Originally Posted by Mikey T
" I'd certainly avoid anything that's cereal-based, picking something that lists meat, or fish, as the first ingredient. And avoid anything that's high in protein. "
Totally disagree on a low protein food. In an active dog higher protein level have demonstrated to reduce soft tissue injuries and there is no know harm from a high protein diet, except in late stage renal failure.
As I typed my comment quoted here, I KNEW I'd be seeing some comment like this. You are nothing if not predictable.... I'm sorry Mikey but I have seen FIRST HAND the result of a puppy being reared on a product with 32% protein (and of course, accompanying high levels of other ingredients). With the Basset, something providing around 26% protein max. is quite high enough and I don't feed anything as high as that even, with adults. And I have produced generations of Bassets on a food that's low-ish in protein etc., and NOT CEREAL BASED, with NO 'soft tissue injuries' and certainly not anything like what I'm seeing in my buy-in boy.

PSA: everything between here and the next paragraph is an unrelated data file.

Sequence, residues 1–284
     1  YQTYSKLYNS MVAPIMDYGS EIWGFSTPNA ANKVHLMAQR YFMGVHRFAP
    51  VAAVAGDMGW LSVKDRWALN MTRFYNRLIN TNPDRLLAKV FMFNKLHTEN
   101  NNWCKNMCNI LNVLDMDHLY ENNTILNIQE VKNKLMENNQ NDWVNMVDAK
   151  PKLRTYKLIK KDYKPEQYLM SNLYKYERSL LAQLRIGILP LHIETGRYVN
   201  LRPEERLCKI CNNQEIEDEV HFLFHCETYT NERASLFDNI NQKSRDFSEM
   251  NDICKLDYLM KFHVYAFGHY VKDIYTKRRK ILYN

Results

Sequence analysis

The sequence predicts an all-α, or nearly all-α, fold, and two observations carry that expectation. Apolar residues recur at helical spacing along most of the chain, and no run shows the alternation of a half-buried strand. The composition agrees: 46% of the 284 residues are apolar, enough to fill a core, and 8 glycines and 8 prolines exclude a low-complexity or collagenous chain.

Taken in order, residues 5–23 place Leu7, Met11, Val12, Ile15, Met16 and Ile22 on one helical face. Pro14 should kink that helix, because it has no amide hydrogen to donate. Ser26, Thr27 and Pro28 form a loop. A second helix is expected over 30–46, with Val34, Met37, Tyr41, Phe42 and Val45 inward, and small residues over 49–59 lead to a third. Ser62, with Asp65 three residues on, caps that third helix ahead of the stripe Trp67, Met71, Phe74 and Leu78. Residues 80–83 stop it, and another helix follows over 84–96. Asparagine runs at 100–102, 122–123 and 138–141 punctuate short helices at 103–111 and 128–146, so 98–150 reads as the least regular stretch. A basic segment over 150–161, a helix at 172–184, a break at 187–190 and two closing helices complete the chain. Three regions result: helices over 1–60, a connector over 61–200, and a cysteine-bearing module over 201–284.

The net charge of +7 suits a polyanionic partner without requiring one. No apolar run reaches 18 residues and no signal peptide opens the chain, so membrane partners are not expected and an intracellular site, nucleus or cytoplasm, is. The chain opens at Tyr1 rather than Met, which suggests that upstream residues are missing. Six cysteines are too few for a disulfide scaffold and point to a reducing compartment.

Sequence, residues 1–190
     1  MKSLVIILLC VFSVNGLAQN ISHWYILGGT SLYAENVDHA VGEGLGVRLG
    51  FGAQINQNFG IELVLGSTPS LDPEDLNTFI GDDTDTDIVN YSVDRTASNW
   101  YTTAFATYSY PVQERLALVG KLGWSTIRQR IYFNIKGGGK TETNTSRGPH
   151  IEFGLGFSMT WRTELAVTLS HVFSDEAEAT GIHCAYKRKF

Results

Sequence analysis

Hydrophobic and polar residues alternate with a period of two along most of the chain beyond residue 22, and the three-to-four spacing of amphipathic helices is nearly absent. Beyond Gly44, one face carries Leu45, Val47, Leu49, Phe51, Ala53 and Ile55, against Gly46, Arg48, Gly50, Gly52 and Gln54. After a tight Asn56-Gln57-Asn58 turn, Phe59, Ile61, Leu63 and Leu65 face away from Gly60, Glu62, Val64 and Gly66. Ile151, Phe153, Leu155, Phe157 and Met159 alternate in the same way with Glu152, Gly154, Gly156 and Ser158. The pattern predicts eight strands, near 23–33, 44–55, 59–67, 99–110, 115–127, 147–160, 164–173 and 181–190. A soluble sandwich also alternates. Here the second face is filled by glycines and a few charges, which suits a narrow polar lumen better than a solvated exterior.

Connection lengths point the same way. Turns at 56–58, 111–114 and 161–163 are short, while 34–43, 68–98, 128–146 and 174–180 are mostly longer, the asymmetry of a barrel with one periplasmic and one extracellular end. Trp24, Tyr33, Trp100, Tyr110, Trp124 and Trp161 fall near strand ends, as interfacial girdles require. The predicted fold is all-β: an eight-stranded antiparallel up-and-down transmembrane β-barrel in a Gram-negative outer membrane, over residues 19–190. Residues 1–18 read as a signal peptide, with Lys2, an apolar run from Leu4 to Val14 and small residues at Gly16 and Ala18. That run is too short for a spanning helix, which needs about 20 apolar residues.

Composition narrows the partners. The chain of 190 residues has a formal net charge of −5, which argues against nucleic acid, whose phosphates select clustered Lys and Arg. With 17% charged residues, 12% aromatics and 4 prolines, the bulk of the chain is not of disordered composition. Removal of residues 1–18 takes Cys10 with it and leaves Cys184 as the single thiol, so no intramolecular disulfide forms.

OP, it's up to you. Find something that suits, and stick to it - more problems can occur when you chop and change the diet, than much else.
As for smell - looking at your dog with his 'dry' head and overall lack of wrinkle, I'd suggest what you are smelling hasn't anything to do with the often-seen yeast infection in the Basset. Bassets can have a 'traditional' houndy smell however which for some, is noticable. Don't bath him too often - you could make a bad situation worse. And do check teeth, ears, and anal glands - the common source of nasty niffs. Other than rolling in stuff
ps From my experience as a Home Visitor, with Rescues, they tend to know they've been given a second chance, and can be loving, loyal dogs (and cats). I'm loving the trusting expression your boy has.